According to statistics, there are 9 cases of heart failure in every 1,000 people in the world, and about 60% of the patients will die within 5 years of diagnosis. Heart failure is a super killer. With the aging of the population and the widespread prevalence of cardiovascular health threats in my country, the prevalence of heart failure will continue to rise in the future, becoming a heavy burden to the whole society and a serious challenge to public health. Therefore, heart failure is not far away from us, and it must be taken seriously.
In the detection of heart failure, BNP and NT-proBNP are the key indicators for the diagnosis and treatment of heart failure jointly recommended by many cardiovascular disease guidelines. They can predict whether the killer will come and how fierce it is, which has important clinical significance.
So, how do BNP and nt probNP tests aid in the diagnosis of heart failure? Let's talk about it in detail below.
The full English name of BNP is: brain natriuretic peptide, that is, brain natriuretic peptide. Its name is very intuitive, because the functions of this molecule are natriuretic, diuretic, dilating blood vessels, lowering blood pressure, etc. It is mainly expressed in the ventricle, but also exists in the brain tissue.
Both BNP and NT-proBNP are derived from pro-BNP. Pro-brain natriuretic peptide (pre-proBNP) is initially synthesized by ventricular myocytes when the ventricular load and wall tension increase, which is a polypeptide chain composed of 134 amino acids. pre-proBNP is cleaved into proBNP (pro-brain natriuretic peptide, 108 amino acids) and signal peptide (26 amino acids) in cardiomyocytes.
After entering the blood, proBNP is cleaved into physiologically active B-type natriuretic peptide (BNP) and N-terminal brain natriuretic peptide precursor (NT-proBNP), so the relationship between the two is 1:1 in theory. But from the moment they were separated, the difference between the two grew bigger and bigger because of their different functions.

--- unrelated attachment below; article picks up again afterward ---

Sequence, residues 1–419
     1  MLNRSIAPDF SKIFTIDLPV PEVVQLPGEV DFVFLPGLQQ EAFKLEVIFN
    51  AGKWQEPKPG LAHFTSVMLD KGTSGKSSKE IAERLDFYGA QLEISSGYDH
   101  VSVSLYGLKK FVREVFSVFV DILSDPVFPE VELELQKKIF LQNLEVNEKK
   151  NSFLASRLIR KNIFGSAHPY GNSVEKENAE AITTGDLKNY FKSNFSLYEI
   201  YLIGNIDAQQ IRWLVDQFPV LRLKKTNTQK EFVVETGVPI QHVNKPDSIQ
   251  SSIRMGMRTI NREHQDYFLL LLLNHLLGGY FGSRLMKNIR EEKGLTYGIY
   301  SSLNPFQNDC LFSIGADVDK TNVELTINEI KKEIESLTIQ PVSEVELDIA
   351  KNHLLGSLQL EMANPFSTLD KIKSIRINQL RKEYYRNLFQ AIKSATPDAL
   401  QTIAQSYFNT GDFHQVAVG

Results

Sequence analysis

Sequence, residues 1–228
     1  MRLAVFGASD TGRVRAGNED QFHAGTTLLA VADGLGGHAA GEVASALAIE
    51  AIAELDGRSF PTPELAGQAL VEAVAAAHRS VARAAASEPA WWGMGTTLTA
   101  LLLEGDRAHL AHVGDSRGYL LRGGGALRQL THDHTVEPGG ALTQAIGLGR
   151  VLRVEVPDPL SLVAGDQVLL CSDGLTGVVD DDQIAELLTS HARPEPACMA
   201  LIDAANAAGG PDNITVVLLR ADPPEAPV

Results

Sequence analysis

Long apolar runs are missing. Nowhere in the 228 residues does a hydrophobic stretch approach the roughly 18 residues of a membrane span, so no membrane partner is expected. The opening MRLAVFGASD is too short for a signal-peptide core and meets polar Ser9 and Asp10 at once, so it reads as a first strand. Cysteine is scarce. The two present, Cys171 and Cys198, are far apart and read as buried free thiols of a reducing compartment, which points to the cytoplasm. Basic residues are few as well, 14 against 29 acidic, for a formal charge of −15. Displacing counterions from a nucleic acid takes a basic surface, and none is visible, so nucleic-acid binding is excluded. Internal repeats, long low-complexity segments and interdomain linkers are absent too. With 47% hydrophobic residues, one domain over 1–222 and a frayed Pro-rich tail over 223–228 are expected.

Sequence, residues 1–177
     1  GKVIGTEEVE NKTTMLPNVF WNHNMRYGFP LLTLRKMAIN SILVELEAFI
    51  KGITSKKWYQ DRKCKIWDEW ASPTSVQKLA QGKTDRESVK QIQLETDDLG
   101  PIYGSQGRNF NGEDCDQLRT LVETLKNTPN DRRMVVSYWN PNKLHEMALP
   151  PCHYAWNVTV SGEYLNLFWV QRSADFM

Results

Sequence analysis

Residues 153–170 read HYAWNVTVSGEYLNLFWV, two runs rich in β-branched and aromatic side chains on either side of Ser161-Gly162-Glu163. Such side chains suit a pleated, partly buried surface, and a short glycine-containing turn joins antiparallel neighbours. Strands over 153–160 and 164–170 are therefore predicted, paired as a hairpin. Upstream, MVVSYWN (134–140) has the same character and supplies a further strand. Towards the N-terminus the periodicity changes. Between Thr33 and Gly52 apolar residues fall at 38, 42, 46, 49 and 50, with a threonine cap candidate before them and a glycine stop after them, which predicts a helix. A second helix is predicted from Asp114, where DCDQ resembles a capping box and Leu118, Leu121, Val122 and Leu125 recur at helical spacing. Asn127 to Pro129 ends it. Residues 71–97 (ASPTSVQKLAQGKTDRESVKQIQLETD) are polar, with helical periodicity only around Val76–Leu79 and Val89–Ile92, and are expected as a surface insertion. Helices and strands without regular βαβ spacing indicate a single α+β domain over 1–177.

BNP is a biologically active protein with a half-life of 20 minutes, its in vitro stability time is only 1 hour, and its level is easily affected by the selected drugs. For example, when a patient receives a recombinant BNP drug, it can lead to an increase in the level of BNP in the blood.
As a biologically inactive NT-proBNP, its half-life is 60-120 minutes, and its secretion and presence in the blood have an accumulation effect. And its stable time in vitro is as long as 24 hours, which is more stable and sensitive than BNP detection, and is not affected by recombinant BNP drugs, which is convenient for clinicians to accurately detect early and mild heart failure.
The clearance of BNP in the body mainly depends on the binding of NPR-1 (natriuretic peptide clearance receptor) to be cleared by lysosomes, or by NEP (neutral endopeptidase), and partly by renal excretion. NT-proBNP is eliminated by renal excretion, so the metabolic cycle (half-life) of NT-proBNP in the body is longer, and the concentration in the body is higher than that of BNP.
Because of the difference in concentration between the two, NT-proBNP changed more obviously than BNP. More literature supports that NT-proBNP can detect heart failure and minor cardiac function changes earlier than BNP.
NT-proBNP has different age cut-off points, while BNP has only the same cut-off point for different age groups. Setting different cut-off points according to age stratification has better sensitivity and specificity than a single cut-off point.
BNP and nt probnp tests are not only used for the etiological investigation of patients with acute dyspnea, but also for the diagnosis of chronic heart failure. They also have important clinical significance for patients with lung disease and renal insufficiency.
Therefore, screening of BNP or NT-proBNP for specific high-risk groups (post-MI patients, diabetes patients, patients with poor long-term blood pressure control, patients with chronic renal insufficiency, etc.) can detect the disease as soon as possible and initiate treatment.